** Williams’ Capitalism and Slavery is also transnational in scope and subverted Western historiography’s preoccupation with its own progressive exceptionalism, illustrating its reliance on slave labor and failed economic system. Descriptions of the work today claim Williams was “years ahead of his time,” but what does that even mean? By whose standards? I think this connects well to what Dr. Harvey Neptune has called epistemic/historiographical gentrification.
*** Excerpts below.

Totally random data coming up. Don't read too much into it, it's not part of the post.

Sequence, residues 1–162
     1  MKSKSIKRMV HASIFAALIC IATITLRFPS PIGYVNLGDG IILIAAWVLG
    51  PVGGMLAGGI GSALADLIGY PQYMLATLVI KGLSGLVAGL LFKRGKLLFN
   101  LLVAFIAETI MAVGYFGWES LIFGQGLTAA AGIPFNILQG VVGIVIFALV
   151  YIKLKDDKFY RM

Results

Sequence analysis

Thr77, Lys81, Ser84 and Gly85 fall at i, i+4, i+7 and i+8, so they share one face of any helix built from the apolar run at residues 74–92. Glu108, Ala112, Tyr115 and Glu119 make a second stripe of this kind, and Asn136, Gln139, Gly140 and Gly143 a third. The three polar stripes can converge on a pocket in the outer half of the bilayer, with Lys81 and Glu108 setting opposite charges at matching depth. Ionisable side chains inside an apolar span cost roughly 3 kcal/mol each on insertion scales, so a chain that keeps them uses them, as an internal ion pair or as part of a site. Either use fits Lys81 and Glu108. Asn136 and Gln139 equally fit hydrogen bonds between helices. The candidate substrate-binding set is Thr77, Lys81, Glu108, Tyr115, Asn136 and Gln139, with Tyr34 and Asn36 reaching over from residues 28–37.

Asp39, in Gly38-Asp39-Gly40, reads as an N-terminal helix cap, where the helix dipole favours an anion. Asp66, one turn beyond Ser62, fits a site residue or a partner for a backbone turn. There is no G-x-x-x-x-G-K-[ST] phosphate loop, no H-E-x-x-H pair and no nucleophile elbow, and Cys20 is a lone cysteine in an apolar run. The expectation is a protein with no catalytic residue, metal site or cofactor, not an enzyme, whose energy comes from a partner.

Damon Salesa’s essay on “Samoa’s Half-Castes” discusses mixedness as “a state of ‘becoming’ – a liminal position outside of the category of ‘Samoan’ yet not fully, nor permanently, U.S. citizens” (82). Hybrid people, borders, and citizenship** illuminate the tensions between defining inside and outside when both can be embodied within – space and the body politic, race and nationhood. In “National Liberation and Culture,” Amilcar Cabral discusses assimilation as a means of cultural erasure, highlighting the “value of culture as an element of resistance to foreign rule” and the endurance of the “historical reality of the society already under domination” (45). The interaction, intermixing, and dependency fostered by culture clash is not necessarily a subsummation or restructuring of an indigenous*** culture, but perhaps a perversion of the dominant culture by minority elements. Indeed, who is the influencer and who is influenced – acting or acted upon, entering or being encroached upon, inside or outside?